I recently went to my daughter’s elementary school talent show. There were lots of kid-performers that tried out, and all of the kids who wanted to be on stage got to be in the show. After all, these are children, so no one wants to tell a child they can’t be in the show. There was a wide variety of talents that “tried out”, and made it.
The night of the show, there were so many kids performing, that it went on for more than 2 hours. During the performance, as an audience member you knew which children were gifted, and which kids needed to practice a little (or a lot) more.
We all sat and watched as some little girls did some Lady Gaga songs, and made it into “The Hits of Lady Gag”. There were dancers that ran into each other on stage, forgetting their movements, a saxaphone player that screeched the national anthem and a kid that jump roped and tripped himself. It was kind of painful to watch this show to the end.
Not every child was bad. A few of them were actually quite good. There was a little ballet dancer that was born with grace, a gymnast that bent in ways that only a little child can get up from, and some really good singers that remembered all the words and hit all the notes. That seemed like a major accomplishment, so we all clapped in appreciation. Those kids were great performers, and deserved to be there. However, there was one child that was truly exceptional, and in everyone’s mind, she was the true winner of the show.
Near the end of the show, when our ears were sore from all of those bad notes, and our backs were aching from the little school chairs, there came a breath of fresh air to the stage. A little girl, about 9 years old, came out in a beautiful dress and quietly sat down at the piano bench. She paused for a few seconds, and then began to play a difficult piece of music from Beethoven.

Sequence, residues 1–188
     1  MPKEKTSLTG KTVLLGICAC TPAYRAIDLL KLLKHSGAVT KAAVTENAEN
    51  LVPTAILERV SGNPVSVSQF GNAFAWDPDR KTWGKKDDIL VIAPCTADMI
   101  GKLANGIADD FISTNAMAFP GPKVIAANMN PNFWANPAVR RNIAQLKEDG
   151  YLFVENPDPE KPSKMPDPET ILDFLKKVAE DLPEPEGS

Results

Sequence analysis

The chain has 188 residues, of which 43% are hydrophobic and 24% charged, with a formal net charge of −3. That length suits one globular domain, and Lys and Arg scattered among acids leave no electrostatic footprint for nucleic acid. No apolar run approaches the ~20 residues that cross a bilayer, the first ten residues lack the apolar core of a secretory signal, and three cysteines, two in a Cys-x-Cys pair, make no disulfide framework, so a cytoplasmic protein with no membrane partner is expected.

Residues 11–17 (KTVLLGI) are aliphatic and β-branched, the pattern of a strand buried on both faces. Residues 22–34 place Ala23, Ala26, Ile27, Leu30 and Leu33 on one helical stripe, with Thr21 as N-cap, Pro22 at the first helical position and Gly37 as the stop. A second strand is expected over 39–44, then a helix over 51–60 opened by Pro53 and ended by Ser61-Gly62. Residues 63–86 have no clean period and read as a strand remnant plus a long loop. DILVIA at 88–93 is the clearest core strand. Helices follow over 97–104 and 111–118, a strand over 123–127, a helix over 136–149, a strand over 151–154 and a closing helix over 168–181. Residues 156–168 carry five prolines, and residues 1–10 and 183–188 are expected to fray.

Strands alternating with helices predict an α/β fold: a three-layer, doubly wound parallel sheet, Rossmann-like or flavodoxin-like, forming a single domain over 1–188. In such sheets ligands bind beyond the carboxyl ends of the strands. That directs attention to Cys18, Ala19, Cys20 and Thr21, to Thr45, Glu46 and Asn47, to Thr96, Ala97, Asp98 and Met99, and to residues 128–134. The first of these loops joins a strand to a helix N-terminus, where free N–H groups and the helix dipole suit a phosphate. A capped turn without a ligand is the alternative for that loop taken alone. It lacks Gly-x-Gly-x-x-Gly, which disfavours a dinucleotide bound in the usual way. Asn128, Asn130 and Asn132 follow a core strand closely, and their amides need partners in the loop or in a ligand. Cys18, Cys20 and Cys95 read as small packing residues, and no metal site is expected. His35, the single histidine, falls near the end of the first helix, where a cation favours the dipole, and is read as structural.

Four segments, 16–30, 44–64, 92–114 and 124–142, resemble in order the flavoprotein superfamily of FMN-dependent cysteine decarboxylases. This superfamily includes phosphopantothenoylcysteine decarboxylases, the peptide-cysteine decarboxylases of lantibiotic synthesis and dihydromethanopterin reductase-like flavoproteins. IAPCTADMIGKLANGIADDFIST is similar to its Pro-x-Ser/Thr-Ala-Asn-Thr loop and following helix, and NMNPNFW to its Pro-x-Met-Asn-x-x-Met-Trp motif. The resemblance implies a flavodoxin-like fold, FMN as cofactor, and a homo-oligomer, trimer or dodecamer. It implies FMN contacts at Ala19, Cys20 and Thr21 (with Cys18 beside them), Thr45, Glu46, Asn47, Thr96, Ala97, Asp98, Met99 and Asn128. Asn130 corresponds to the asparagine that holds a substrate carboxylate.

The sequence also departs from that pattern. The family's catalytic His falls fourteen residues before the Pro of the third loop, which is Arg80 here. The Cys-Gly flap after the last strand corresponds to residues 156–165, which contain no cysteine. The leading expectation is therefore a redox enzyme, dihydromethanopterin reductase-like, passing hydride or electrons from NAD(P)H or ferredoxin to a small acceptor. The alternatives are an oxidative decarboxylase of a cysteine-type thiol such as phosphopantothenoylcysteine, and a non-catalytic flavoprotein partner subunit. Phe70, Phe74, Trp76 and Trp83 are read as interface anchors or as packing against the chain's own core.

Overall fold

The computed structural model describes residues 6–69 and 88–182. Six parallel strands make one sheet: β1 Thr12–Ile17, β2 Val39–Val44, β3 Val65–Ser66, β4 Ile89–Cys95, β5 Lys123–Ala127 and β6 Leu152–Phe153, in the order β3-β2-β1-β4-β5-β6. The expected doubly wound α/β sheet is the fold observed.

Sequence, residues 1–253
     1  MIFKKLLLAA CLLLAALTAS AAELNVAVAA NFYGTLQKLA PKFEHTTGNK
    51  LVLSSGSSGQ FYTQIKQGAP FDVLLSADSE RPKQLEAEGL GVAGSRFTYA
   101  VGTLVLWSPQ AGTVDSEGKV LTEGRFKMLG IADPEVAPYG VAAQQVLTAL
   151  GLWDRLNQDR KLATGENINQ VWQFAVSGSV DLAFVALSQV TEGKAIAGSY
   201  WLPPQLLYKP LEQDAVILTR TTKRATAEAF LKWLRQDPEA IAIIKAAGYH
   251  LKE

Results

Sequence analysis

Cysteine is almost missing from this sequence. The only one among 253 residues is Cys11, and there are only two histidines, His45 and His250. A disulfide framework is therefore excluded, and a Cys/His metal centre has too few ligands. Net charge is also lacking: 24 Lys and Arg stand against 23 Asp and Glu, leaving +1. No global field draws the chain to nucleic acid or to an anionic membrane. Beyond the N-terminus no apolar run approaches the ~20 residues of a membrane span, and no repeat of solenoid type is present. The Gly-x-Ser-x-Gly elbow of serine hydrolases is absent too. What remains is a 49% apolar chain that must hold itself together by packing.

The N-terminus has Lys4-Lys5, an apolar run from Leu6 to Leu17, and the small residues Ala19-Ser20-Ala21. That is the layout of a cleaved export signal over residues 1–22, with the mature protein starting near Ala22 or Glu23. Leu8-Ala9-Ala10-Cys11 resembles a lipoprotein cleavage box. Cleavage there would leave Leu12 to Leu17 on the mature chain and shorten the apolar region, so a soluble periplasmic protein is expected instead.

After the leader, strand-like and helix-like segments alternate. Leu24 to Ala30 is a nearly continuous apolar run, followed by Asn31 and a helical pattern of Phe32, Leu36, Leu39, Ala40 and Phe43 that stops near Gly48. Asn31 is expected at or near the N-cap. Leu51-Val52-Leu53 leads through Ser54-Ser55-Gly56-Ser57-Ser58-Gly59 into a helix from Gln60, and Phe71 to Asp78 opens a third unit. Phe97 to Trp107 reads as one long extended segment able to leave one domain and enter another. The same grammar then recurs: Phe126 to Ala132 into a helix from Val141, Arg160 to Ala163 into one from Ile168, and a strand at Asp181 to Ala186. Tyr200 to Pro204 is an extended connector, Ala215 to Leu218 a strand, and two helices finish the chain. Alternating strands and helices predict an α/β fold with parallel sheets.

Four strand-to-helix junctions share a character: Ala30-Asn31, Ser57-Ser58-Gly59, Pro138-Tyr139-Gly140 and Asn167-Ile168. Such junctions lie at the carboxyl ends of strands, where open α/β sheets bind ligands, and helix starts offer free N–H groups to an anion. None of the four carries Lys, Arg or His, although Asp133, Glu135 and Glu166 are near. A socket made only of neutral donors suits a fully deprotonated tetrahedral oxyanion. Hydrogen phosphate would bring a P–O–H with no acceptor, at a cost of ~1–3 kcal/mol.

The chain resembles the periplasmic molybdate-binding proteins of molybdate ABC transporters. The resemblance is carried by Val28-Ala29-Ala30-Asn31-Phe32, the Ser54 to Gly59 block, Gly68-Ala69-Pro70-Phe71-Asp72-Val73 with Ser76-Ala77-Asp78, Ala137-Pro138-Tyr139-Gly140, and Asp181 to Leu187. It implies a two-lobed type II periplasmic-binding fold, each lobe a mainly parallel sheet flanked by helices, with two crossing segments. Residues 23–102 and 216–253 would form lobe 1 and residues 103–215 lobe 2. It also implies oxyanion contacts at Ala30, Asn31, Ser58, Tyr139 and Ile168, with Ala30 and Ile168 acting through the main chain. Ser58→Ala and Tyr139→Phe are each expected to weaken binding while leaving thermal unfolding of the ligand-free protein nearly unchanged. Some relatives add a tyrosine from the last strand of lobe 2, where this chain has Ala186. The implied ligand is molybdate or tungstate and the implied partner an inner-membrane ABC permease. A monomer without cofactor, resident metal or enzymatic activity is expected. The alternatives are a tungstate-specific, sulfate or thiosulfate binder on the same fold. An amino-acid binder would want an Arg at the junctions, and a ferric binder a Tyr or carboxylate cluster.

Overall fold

She played beautifully, and never missed a note. Her calming music piece settled the whole room and eased our nerves. I couldn’t help myself, and began to tear up after her performance. The audience was stunned, because no one else’s child even came close to that kind of talent. Everyone began to clap, even the other kids who were in the show. She had won, and everyone knew it.
My daughter, who had done a comedy act in the show, leaned over at me, and whispered “She was amazing. She would have won, I bet.” Even a child knows what a winner is and knows who deserves it the most.
I nodded in agreement, then looked over at her and smiled. She noticed the tear running down my face from this little girl’s performance. She handed me a tiny lunch napkin from the cafeteria table.
In our modern day culture, the word “winning” seems to have taken on a new meaning. When you win something, it used to mean that you were exceptional, a person of true character and real determination. After all, only “winners” exhibited the dedication to achieve the big finish. Today, that just doesn’t seem to be the case anymore. In America, we now have a society where “we’re all winners” seems to be more popular, and is widely accepted. If we all win, there are no losers, right?
The losers will always out-number the winners, since there is only supposed to be one. However, by allowing all of us to “win”, we are defeating the real winner of the game. A real win is an honor, something of value. In order to win anything, it takes time, patience and tenacity. Are we even really trying anymore, if the win is guaranteed, why bother? We will get a trophy just for showing up. When we play something that “guarantees a win” it’s not really a win, that’s a give-away.
In this new mindset of “we are all winners”, let’s look at the effects of the “group win”. A group win doesn’t benefit us at all, it only pacifies the crowd. By definition, the term socialism is “control of the means of prodution and distribution in the community”. When you pass out something in equal amounts, you dilute and divide it.
We must remember that if we want to win, we have to do the work. If we want the dream, we have to go get it. Technically speaking, if we are all winners, we are also all losers, too. If we don’t distinguish one from the other, then we are losing out on a true winner’s victory.